Xander looked to Spike.

“He’ll do just fine. So, let’s get a move on, then.”

“But…” Dorsey found himself left behind as Willow trotted off down the hall with Spike a step behind. “Crap.”

“Um…” Xander looked at the guy, not sure what to say. “Go on. I have the rear,” Dorsey said, gesturing toward the others. Xander took off running.

Part Twenty-Seven

Xander stopped when he felt the first tendrils of fresh air. “Um, Spike, is it night or…”

“It’s fine, now move your arse,” Spike growled.

“Right. Moving.” Xander finished climbing to the top and reached for the hatch. This one wasn’t anything compared to the one lower down, and he put his shoulder to it and braced his feet as far apart as he could so he wouldn’t snap another ladder rung. He gave a hard shove and the metal groaned.

“Put your back in it,” Spike complained.

“I am,” Xander said. He had to swallow down his complaint about being hungry. Clearly one Asgard hybrid wasn’t enough to fuel a whole spree of superpowered escape. The metal finally snapped and the hatch popped open. Xander figured about a million alarms had just gone off, but it was going to be hard to distinguish them from the million alarms that were already going off. Xander climbed out of the hole in the ground and out into the cool night air. Through the trees he could see a guard station, but there didn’t seem to be any guards in it. Xander supposed they were busy with the bug things.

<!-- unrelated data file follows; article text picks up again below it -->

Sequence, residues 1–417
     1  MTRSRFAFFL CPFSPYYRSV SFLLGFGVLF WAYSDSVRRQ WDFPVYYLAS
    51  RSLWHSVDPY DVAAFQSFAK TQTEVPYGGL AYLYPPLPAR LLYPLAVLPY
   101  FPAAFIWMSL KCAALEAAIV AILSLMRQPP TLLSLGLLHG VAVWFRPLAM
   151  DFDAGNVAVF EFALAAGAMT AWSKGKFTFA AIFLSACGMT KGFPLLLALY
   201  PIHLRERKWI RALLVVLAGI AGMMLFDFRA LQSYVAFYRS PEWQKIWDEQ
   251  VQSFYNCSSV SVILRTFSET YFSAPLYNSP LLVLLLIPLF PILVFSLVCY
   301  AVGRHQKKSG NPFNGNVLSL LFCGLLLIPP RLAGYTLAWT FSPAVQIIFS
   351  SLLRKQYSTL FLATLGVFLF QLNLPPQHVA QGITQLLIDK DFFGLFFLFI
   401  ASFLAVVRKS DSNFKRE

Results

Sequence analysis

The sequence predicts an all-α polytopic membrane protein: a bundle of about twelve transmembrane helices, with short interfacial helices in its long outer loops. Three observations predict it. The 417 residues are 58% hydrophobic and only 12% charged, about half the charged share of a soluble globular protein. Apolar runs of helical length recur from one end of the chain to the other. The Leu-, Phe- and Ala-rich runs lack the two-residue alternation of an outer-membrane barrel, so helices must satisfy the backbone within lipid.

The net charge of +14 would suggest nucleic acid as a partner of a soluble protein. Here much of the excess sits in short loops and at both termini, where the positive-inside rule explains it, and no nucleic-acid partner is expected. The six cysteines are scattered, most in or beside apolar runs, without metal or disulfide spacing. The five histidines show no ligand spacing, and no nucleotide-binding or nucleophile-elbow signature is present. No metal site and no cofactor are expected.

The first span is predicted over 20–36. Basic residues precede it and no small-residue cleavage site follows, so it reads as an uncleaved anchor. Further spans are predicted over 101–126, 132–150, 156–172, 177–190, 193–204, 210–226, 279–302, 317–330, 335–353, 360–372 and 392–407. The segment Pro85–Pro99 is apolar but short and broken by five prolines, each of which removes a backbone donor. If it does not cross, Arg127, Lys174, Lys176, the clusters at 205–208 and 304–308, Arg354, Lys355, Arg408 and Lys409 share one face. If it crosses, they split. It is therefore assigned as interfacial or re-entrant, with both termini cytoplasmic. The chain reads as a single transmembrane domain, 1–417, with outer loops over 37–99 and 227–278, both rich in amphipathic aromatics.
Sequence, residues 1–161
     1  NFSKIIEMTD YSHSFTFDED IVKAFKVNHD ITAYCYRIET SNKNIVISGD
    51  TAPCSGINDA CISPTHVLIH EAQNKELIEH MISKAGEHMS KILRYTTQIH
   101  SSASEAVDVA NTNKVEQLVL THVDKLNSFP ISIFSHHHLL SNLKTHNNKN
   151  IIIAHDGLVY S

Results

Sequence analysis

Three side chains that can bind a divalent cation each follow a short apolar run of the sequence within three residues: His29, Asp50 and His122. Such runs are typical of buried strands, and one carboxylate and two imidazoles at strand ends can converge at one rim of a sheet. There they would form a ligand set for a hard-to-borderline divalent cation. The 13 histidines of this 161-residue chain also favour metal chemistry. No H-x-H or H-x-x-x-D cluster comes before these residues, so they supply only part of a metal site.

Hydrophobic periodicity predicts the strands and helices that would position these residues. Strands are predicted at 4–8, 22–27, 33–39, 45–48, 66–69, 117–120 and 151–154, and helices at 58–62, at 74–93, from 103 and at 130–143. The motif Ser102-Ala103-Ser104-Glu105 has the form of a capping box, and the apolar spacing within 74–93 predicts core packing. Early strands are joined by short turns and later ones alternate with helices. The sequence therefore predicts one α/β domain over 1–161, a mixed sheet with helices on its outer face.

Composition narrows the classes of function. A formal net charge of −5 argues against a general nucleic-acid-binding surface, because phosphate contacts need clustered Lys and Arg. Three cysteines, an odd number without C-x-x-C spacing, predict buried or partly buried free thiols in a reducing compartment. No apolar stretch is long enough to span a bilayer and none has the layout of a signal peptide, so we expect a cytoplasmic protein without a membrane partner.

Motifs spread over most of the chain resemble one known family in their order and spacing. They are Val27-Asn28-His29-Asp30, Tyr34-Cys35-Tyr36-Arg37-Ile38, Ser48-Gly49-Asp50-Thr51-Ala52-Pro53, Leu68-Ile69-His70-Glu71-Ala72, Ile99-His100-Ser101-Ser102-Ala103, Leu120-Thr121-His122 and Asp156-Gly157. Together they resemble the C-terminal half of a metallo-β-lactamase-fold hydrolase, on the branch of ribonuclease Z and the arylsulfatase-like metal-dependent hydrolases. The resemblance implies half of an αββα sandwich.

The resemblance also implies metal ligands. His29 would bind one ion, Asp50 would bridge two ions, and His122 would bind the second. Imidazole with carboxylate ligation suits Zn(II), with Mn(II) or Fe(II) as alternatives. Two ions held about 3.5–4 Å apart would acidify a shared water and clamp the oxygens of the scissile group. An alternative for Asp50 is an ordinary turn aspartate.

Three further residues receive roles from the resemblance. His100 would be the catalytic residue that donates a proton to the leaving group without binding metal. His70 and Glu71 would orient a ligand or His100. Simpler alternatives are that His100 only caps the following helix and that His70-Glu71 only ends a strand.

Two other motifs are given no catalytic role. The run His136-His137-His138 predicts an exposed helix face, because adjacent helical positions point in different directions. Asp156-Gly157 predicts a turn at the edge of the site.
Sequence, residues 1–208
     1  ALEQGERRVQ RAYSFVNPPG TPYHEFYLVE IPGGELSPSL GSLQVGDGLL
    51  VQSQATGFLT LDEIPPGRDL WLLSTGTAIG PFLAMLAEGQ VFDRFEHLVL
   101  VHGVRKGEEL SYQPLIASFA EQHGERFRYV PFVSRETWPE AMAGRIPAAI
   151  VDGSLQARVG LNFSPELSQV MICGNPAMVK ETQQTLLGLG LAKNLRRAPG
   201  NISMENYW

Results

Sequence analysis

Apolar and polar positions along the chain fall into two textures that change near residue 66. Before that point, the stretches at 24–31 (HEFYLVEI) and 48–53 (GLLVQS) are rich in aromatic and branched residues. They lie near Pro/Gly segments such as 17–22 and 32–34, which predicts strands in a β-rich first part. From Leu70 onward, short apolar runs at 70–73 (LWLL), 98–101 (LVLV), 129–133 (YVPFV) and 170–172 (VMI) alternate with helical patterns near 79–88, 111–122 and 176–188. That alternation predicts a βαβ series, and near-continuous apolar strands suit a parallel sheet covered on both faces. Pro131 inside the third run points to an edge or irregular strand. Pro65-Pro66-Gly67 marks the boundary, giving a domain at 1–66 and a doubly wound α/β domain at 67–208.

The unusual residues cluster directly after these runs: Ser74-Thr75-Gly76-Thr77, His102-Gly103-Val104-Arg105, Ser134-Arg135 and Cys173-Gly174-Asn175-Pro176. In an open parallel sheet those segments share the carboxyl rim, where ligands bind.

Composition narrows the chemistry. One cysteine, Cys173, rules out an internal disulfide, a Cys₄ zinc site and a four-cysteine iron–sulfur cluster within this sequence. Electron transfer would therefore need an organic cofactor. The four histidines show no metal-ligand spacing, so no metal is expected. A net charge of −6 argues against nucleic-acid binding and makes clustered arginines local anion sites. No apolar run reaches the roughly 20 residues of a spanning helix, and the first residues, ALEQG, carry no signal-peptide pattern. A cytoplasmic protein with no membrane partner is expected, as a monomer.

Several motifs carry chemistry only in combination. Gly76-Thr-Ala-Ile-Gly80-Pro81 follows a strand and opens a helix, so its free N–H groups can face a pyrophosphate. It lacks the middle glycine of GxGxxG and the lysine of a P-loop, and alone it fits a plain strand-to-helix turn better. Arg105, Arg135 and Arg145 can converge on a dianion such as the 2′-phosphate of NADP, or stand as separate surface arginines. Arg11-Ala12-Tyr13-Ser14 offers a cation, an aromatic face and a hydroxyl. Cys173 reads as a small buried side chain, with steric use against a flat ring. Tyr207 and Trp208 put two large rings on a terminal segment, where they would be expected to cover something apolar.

Spike followed him out into the night and he crossed his arms and gave Xander another unhappy look. At this rate, Spike was going to break his glare with overuse.

“What?” Xander asked as Willow climbed out into the night air.

“Shhhh,” she hushed him.

Xander repeated himself, more quietly. “What?” he asked Spike.

“Go on, then. Tell ‘em,” Spike ordered as Dorsey climbed out of the hatch.

Xander’s mouth turned into a desert, and he lost all ability to form words. Dorsey looked at him, and Xander could feel the rising anxiety, but Xander really didn’t want to confess. Worse, he didn’t want Dorsey to have to deal with all the demony stuff because good guys weren’t exactly great at turning demon. It messed with your head.

“Xander?” Willow asked. She took a step forward, but Dorsey caught her arm and held her back.